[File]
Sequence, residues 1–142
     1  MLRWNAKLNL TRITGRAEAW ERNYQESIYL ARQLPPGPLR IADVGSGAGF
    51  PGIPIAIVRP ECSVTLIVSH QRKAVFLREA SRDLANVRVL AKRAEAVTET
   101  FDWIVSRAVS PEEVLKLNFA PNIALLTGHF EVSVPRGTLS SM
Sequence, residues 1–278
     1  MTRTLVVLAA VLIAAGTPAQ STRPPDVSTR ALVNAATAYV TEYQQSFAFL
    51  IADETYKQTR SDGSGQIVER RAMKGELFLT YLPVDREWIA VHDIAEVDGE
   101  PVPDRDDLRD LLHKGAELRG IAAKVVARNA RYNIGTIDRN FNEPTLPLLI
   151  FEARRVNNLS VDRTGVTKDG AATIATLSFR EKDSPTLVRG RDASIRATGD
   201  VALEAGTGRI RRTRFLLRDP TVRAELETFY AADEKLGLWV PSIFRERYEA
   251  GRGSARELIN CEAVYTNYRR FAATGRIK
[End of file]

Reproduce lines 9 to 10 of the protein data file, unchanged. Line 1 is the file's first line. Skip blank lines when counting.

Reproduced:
   151  FEARRVNNLS VDRTGVTKDG AATIATLSFR EKDSPTLVRG RDASIRATGD
   201  VALEAGTGRI RRTRFLLRDP TVRAELETFY AADEKLGLWV PSIFRERYEA